ESMO: Drug Gives Survival Boost in HER2+ Breast Cancer
Women with HER2-positive tumors gained an average 16 more months of life with Perjeta
MONDAY, Sept. 29, 2014 (HealthDay News) -- Adding the drug pertuzumab (Perjeta) to trastuzumab may give women with human epidermal growth factor receptor 2 (HER2)-positive metastatic breast cancer a boost in survival, according to new research presented Sunday at the annual meeting of the European Society of Medical Oncology, held from Sept. 26 to 30 in Madrid.
The study involved 808 women with HER2-positive metastatic breast cancer. Patients either received a combination of three drugs -- pertuzumab, trastuzumab, and docetaxel -- or trastuzumab, docetaxel, and placebo. Patient outcomes were then tracked for a median of 50 months.
The researchers reported that patients who took pertuzumab along with the other two standard medications gained an average 15.7 months in survival (56.5 versus 40.8 months). This was equivalent to a 32 percent reduction in the odds that the patient would die over the length of the trial.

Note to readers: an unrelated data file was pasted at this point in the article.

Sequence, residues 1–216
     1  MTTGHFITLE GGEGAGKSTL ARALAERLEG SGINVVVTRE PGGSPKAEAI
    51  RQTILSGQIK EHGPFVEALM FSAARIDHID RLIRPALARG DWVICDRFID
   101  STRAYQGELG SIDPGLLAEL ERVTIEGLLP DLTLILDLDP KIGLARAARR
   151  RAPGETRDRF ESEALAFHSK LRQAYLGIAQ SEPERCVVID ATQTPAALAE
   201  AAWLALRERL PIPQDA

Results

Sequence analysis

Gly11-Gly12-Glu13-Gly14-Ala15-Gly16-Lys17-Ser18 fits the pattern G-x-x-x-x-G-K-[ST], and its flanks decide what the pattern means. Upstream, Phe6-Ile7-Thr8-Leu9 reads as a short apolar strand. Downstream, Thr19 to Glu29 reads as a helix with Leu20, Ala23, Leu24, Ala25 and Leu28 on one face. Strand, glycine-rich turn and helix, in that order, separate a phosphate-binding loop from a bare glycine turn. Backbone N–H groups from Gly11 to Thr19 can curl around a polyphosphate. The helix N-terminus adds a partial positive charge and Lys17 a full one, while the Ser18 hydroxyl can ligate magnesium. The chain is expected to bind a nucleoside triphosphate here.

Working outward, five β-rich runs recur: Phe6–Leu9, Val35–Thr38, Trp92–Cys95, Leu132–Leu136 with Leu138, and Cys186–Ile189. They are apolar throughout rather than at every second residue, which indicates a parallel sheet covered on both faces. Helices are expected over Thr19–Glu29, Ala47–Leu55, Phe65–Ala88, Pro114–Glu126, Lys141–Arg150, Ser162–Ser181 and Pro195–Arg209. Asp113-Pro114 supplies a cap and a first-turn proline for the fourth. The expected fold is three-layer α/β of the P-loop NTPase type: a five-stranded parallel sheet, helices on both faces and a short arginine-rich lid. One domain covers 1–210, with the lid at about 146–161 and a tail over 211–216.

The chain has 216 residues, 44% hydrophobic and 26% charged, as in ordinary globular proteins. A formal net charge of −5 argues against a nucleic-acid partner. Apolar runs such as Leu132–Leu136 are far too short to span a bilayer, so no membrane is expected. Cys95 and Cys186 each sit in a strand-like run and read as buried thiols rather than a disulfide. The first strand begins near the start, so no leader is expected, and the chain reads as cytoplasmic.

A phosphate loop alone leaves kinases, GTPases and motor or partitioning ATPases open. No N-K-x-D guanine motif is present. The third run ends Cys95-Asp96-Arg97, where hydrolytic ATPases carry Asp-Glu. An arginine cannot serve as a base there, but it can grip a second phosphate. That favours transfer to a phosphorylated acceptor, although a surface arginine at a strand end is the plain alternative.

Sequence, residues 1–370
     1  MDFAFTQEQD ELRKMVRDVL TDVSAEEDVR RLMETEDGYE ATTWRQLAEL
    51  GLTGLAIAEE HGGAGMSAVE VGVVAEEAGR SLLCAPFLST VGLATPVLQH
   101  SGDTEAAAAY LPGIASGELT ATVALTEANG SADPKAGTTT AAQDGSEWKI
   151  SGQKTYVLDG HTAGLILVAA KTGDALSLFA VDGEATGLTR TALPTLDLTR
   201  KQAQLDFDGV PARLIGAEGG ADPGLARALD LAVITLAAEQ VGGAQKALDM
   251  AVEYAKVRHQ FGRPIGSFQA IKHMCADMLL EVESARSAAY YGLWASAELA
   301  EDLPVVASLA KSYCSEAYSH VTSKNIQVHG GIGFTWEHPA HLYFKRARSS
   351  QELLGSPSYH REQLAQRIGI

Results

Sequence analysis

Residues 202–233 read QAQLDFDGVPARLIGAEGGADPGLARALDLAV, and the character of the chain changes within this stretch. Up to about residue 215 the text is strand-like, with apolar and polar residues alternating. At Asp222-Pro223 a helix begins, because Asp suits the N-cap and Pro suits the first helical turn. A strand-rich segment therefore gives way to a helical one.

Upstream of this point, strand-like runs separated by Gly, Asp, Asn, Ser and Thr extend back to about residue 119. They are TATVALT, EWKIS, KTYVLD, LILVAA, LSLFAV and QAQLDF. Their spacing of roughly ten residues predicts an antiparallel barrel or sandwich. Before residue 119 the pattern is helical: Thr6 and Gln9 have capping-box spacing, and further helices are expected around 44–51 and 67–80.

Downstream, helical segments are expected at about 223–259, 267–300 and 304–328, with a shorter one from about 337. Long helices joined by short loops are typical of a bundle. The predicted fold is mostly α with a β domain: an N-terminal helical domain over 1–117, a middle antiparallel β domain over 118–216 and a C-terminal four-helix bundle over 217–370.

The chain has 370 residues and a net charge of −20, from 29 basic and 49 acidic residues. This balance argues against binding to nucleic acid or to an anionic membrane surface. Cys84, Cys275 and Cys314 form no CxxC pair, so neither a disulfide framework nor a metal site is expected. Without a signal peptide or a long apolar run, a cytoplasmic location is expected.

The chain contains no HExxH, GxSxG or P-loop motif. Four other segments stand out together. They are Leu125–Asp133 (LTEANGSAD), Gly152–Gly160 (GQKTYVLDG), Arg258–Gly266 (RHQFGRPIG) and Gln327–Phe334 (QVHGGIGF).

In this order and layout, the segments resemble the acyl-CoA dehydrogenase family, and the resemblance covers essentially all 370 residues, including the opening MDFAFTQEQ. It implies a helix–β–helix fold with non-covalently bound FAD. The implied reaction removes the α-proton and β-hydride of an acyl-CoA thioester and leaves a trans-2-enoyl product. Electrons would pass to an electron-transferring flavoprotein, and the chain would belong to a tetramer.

"Great strides have been made in treating breast cancer, and it is particularly encouraging that we now have additional treatment to offer patients with HER2-positive metastatic disease that extends survival," Stephanie Bernik, M.D., chief of surgical oncology at Lenox Hill Hospital in New York City, who was not involved in the study, told HealthDay. "Treatment regimens continue to become more tailored to a patient's individual cancer, lessening unwanted side effects from drugs that may not be beneficial, and focusing on treatments that have been shown to improve outcomes for a specific tumor."
Several authors disclosed financial ties to pharmaceutical companies, including Genentech, which funded the study and manufactures pertuzumab.